After struggling for more than three years after being diagnosed with breast cancer in 2014 at a Nigerian hospital, a female final year medical student, who was not sure that she will survive, has been cured.
See the Nigerian Woman Cured of Rare Cancer in India
Thirty seven-year old Nigerian woman, Amina Abubakar was not sure that she will survive after being diagnosed with breast cancer in 2014 by a Nigerian hospital.
But it was a wrong diagnosis for Amina, who was a final year medical student. As it turned out, she was actually suffering from skin cancer.
After struggling for more than three years, Amina can now breathe easy. Thanks to the treatment that cured her at a city hospital in Bengaluru, India.
She was bed-ridden for more than three years under heavy antibiotics and other cancer treatments.
But the last 20 days made her recover miraculously. That is after the doctors removed a 5 kg tumour from her breast.
Amina said, “I found a lump on the left breast in November 2014 and then was diagnosed as chronic mastitis in local hospital in Nigeria. I have suffered Wrong diagnosis and lack of treatment for years. I was physically and mentally broken and was unable to deal with the pain and the foul smell that comes with cancer.”
Unable to find any cure in Nigeria, Amina, whose father was also once treated in a city hospital, decided to travel to Bengaluru.
“My family and I got very anxious about this situation and on the recommendation of a local doctor decided to visit Dr Anthony Pais at Cytecare for treatment. But it wasn’t easy for the city doctors to cure her as the disease was rare.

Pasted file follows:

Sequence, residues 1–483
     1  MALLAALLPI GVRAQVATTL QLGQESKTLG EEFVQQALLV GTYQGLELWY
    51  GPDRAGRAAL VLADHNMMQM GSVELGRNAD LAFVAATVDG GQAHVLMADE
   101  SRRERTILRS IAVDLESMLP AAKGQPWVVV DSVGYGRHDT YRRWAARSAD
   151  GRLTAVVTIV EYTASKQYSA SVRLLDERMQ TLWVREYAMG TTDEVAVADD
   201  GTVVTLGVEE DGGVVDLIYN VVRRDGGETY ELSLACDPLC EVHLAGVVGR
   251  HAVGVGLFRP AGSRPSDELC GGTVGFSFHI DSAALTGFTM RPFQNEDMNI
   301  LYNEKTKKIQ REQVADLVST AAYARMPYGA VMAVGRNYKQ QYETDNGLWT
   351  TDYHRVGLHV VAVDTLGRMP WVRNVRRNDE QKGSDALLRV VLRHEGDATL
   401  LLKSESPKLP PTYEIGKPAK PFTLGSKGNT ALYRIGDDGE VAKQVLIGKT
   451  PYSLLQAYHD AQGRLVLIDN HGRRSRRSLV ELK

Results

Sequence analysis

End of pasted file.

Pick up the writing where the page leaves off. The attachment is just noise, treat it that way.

“Skin cancer on the breast and infiltrating it is the rarest of the rare cancers in the world. This was the first treatment for a rare form of skin cancer – Syringocystadeno carcinoma paplliferum, which was diagnosed and treated in the world. It is one such case where the right diagnosis was the game-changer in the treatment of the disease,”claimed Dr Anthony Pais.
“There are two types of skin cancer – melanoma and non-melanoma, most of them being non-melanoma. Among all the non-melanoma skin cancers, 75% of them are basal cell cancers; 20% of them are squamous cell cancers and about 2% of them being adnexal skin tumours. Most of these adnexal tumours are benign.
“The rarity of this adnexal skin cancer involving the breast is the rarest of the rare cancer. In this case, the problem started with the wart and with a birthmark close by, which is technically called a nevus. This grew over a period of time.”
Amina, who got a new lease of life, will head for Nigeria this Saturday. She will continue a follow-up at a local hospital for a couple of months more.
Source: Bangalore Mirror